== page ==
Wales and European Funds
As many of you are aware, Wales was given an unexpected boost at the end of 2006 by qualifying for a second round of European funding.
Whilst being one of the poorest regions in the whole of Europe is nothing to be proud of, the £2 billion in funds from Brussels could help develop the competitiveness of the Welsh economy at a time when it is needed the most. Of course, this money came after £1.2 billion had already been given to Wales under the old Objective 1 programme for the period 2000-2006.
Ensuring that the money is spent on projects that make a real difference to the Welsh economy is critical, especially at a time when other public sector budgets to support business are being stretched to the limit.
Many would therefore have been shocked and dismayed at the revelations from last week’s National Assembly’s European and External Affairs committee, where it was allegedly revealed that £77 million of European funds will have to be returned to Brussels because it has been unspent during the Objective 1 programme.
If this is the case, then it is a real tragedy for Wales as that funding could have made a real difference in a number of businesses and communities in our poorest areas.
Of course this must not be allowed to happen again, although this comes after concerns that the current European programme is becoming over-bureaucratic and that key projects are being delayed even though they have been in development for over fifteen months.
For example, I have been told that there are a number of significant research and development projects from the region that, despite having been in development since September 2007, have yet to be approved. This is clearly unacceptable especially as the university sector has a key role to play in boosting the Welsh economy and it is vitally important that those projects are given the green light as soon as possible.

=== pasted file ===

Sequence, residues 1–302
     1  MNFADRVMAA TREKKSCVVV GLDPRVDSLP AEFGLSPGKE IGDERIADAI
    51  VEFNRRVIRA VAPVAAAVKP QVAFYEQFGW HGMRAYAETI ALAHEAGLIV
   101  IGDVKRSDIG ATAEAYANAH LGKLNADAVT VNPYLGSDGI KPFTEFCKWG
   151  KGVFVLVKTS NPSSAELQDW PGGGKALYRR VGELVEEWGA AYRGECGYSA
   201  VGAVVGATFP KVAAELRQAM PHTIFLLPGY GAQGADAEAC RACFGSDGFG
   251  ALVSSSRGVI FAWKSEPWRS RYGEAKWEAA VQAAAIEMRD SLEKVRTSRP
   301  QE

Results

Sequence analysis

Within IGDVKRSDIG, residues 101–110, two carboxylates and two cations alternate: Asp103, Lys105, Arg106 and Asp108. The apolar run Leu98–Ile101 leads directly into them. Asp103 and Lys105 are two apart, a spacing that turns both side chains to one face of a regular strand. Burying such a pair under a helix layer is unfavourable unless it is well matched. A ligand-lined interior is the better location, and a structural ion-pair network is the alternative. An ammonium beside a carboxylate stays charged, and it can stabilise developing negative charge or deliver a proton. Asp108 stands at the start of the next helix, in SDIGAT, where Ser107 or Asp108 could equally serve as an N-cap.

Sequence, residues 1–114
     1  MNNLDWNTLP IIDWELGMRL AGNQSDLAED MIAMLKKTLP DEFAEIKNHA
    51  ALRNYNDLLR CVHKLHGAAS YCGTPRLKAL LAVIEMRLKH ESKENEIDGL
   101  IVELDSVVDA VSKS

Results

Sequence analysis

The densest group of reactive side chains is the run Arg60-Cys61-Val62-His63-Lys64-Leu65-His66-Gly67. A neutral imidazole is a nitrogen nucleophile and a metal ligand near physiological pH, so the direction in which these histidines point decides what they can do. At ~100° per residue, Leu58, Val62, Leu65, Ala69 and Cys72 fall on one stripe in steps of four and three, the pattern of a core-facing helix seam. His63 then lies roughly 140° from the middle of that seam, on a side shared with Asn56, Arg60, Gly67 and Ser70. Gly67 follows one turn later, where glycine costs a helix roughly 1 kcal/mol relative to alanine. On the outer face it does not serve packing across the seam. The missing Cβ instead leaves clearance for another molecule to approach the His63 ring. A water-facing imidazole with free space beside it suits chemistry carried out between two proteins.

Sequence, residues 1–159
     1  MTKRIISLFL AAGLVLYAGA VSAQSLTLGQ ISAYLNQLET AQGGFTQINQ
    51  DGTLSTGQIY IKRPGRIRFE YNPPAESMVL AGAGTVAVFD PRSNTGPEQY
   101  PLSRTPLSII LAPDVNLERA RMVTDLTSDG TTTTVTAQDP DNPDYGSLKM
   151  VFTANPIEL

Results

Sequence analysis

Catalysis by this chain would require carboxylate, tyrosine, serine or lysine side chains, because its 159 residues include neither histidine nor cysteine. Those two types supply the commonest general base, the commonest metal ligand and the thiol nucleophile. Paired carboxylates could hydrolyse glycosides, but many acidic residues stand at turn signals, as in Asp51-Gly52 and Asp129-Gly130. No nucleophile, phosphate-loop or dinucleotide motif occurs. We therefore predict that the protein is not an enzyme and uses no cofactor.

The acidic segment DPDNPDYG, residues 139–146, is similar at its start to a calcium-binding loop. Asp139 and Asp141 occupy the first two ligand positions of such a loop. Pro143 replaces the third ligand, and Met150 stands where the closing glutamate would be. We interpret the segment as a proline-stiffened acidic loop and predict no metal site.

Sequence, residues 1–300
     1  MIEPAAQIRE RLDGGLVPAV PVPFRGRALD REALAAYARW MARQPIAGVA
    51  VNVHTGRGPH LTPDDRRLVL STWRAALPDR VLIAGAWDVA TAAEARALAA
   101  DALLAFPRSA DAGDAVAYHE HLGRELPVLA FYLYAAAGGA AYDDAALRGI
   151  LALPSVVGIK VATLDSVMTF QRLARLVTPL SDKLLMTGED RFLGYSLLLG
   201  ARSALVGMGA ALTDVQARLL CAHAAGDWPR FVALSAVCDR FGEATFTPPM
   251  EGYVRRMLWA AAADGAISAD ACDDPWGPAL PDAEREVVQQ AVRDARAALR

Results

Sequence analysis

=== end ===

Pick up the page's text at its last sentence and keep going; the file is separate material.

Similarly, projects being developed by local authorities are also awaiting approval and, given the current financial crisis hitting many councils, there may be difficulty in actually finding the necessary match funding which is needed because of other budgetary pressures.
Whilst the Assembly Government, argues that it has allocated over £520 million, mainly to projects it manages itself, very little of this has actually been spent to date because of the delays in starting projects that can make a real difference and, with recession looming, private firms may not be able to now find the funding necessary to participate in programmes.
We all appreciate that there is a need for detailed scrutiny of any publicly funded project. However, it is becoming clear there has been an inordinate amount of time since applications were submitted and whilst the assessment process needs to be thorough, it should not take more than a couple of months to assess any business plan.
It could be argued that the slow pace of spending isn’t an issue and that Wales will catch up with its expenditure. However, it has been suggested that, under European financial rules, money may have to be returned again if the programmes have not spent £130 million by the end of this year.
If Wales is going to come out of recession in a strong position, it must use every opportunity available.
Having access to additional European structural funds like the Convergence programme is an advantage most other parts of the UK do not have and we must get the funding out as quickly as possible. If this requires more resources to assess the viability of the projects caught in the logjam, then politicians have to ensure that these are made available.
Europe has presented Wales with a second opportunity to make a real difference to the economy.
Let’s not throw it away because of an unnecessary obsession with bureaucracy.